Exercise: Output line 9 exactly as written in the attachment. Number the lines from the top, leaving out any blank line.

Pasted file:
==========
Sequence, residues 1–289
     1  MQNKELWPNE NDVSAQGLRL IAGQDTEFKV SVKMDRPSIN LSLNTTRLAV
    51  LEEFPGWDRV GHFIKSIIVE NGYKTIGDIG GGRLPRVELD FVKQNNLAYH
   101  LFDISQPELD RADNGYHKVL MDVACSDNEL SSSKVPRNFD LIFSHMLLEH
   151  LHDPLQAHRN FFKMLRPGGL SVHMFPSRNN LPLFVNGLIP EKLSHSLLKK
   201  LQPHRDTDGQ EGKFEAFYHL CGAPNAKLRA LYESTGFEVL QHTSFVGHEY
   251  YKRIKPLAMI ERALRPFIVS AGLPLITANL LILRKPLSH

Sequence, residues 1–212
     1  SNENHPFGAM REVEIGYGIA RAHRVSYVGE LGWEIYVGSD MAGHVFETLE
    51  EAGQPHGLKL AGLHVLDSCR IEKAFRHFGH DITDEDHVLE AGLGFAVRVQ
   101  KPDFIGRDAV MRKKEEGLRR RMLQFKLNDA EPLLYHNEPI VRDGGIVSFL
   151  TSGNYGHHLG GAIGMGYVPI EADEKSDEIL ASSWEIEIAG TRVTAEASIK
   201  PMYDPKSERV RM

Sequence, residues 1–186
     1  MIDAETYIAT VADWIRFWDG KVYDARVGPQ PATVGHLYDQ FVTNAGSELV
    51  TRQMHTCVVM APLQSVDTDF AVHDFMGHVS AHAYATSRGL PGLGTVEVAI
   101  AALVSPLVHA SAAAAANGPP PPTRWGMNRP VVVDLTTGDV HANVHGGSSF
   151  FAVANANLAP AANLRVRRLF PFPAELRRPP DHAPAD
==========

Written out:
     1  SNENHPFGAM REVEIGYGIA RAHRVSYVGE LGWEIYVGSD MAGHVFETLE